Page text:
Consider the space $\mathcal{M}_{loc} (\mathbb{R}^d)$ of locally finite signed Radon measures, equipped with the weak* topology in duality with $C_b (\mathbb{R}^d)$. It is known that this is space is not metrizable, nor first countable (although I believe it is a Souslin space?).

On the other hand, in practice one often works not with the weak* topology directly, but with weak* convergence. So it would be interesting to look at the sequential weak* topology on $\mathcal{M}_{loc} (\mathbb{R}^d)$ (that is, a set is declared to be closed provided it is sequentially weak* closed).

My question is, is this topology something that has already been studied in the literature? The only thing I can find is this MO question from several months ago.

EDIT: As user @memorial points out, the original statement of this question contains a basic error, since there is not actually a duality pairing between $C_b (\mathbb{R}^d)$ and $\mathcal{M}_{loc} (\mathbb{R}^d)$, rather, between $C_b (\mathbb{R}^d)$ and $\mathcal{M} (\mathbb{R}^d)$, and between $C_c (\mathbb{R}^d)$ and $\mathcal{M}_{loc} (\mathbb{R}^d)$. Still, the question remains, since (as far as I know) the resulting weak* topologies are not themselves sequential.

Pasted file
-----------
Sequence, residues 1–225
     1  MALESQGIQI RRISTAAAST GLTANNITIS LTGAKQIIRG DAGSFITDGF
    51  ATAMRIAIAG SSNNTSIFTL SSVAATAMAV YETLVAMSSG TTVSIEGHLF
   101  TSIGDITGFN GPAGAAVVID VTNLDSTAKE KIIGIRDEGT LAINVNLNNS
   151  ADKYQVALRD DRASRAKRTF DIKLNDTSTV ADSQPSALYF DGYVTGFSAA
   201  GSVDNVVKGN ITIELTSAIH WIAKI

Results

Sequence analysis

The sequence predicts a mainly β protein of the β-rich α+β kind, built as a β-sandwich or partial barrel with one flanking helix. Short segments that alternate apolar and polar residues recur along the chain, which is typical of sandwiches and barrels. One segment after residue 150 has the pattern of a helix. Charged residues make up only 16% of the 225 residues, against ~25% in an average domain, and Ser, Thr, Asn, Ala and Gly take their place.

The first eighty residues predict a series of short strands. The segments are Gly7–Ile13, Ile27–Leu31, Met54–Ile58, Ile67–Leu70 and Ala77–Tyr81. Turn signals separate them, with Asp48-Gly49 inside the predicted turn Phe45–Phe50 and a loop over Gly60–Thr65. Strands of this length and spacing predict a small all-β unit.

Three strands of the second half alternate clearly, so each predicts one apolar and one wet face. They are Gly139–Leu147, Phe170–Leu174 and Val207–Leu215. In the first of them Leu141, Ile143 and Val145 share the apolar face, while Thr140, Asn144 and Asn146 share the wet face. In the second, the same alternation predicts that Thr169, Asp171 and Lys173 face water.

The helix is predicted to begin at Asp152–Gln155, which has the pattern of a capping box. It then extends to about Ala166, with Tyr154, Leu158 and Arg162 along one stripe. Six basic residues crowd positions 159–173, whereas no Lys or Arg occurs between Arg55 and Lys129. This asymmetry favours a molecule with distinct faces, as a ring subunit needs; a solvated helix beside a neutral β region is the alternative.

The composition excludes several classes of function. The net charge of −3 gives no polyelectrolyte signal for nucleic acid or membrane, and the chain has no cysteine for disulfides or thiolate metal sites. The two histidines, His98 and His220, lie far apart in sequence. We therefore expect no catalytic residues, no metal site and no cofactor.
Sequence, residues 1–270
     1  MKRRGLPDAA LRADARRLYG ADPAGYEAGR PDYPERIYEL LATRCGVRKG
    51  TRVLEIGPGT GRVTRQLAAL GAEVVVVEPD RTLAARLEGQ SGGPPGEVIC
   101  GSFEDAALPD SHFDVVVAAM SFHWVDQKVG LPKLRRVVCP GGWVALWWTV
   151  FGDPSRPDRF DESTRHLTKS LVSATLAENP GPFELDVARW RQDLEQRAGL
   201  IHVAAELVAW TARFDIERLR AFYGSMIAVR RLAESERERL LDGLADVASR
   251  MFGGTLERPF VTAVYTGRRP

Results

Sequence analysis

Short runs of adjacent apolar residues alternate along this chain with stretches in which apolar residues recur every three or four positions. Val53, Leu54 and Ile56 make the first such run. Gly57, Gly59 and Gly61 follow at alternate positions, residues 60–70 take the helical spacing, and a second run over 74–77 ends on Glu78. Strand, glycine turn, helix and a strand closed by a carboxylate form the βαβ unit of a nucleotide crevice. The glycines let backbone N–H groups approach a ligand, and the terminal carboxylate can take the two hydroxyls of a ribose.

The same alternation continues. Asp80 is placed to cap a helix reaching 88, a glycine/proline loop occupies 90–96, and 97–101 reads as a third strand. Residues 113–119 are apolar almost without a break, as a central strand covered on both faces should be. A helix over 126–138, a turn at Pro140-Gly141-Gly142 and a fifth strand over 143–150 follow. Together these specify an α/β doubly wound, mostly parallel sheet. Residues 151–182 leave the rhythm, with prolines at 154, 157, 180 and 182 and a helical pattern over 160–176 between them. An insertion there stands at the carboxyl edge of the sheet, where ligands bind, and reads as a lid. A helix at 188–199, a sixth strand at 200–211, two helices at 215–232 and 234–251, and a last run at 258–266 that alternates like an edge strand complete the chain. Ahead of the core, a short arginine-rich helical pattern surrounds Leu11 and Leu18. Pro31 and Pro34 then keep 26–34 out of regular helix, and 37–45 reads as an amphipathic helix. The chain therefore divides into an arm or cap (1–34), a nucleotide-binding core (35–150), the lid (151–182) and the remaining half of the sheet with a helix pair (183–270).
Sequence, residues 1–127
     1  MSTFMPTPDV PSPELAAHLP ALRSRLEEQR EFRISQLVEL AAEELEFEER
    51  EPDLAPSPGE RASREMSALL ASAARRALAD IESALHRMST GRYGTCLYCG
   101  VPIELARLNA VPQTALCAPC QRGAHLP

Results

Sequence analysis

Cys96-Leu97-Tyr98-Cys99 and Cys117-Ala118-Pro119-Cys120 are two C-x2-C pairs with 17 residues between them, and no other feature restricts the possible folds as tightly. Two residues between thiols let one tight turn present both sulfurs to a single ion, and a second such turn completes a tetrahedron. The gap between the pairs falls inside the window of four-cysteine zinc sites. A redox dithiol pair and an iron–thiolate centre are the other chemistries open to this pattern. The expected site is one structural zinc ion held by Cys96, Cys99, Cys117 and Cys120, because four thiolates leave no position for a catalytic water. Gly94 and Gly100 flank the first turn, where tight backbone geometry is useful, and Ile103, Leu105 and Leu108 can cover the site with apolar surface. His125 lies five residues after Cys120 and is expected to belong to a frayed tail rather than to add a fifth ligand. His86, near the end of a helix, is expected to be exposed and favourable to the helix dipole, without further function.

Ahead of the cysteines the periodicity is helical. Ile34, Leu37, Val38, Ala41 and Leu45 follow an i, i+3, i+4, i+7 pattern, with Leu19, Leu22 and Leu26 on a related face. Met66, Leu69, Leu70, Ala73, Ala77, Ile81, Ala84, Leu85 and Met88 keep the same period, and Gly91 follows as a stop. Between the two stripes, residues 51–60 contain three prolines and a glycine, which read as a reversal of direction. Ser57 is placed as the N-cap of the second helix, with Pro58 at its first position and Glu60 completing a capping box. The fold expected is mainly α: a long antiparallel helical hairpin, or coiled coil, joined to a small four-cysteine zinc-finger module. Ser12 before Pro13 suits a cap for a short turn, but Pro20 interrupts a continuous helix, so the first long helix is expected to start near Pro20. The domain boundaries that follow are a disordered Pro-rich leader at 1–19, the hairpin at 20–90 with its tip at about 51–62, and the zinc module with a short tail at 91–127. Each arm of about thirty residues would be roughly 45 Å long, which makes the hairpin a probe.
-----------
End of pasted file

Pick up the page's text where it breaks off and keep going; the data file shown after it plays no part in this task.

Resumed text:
• $\begingroup$ It is not clear to me that the set of sequentially weak*-closed subsets defines a topology. Do you have a reference? $\endgroup$ Commented Jul 11, 2021 at 8:28
  • $\begingroup$ Regarding the dual space of $C_b(X)$, please see mathoverflow.net/questions/70611/… $\endgroup$
    – Onur Oktay
    Commented Jul 11, 2021 at 12:27
  • $\begingroup$ @DieterKadelka this is discussed in Chapter 1 of Buttazzo's Semicontinuity, Relaxation and Integral Represenentation in the Calculus of Variations. Unfortunately the reference therein for the fact that the sequentially closed sets always form a topology is to a paper by Dolcher which is in Italian. $\endgroup$ Commented Jul 11, 2021 at 20:16
  • 1
    $\begingroup$ @DieterKadelka actually the Wikipedia page en.wikipedia.org/wiki/… contains a proof that the sequentially open sets form a topology. $\endgroup$ Commented Jul 12, 2021 at 13:19

1 Answer 1


This is not an answer since I cannot give the references you are requesting for reasons that will soon be apparent but am not entitled to comment. Firstly, there is something fundamentally wrong with the framework of your question--there is no duality between spaces of bounded, continuous functions on euclidean space and locally bounded measures thereon. (Try integrating the sine function on the line with respect to Lebesgue measure). What one does have are natural dualities

a) between the bounded, continuous functions and the finite Radon measures;


b) between the space of continuous functions with compact support and the locally finite measures.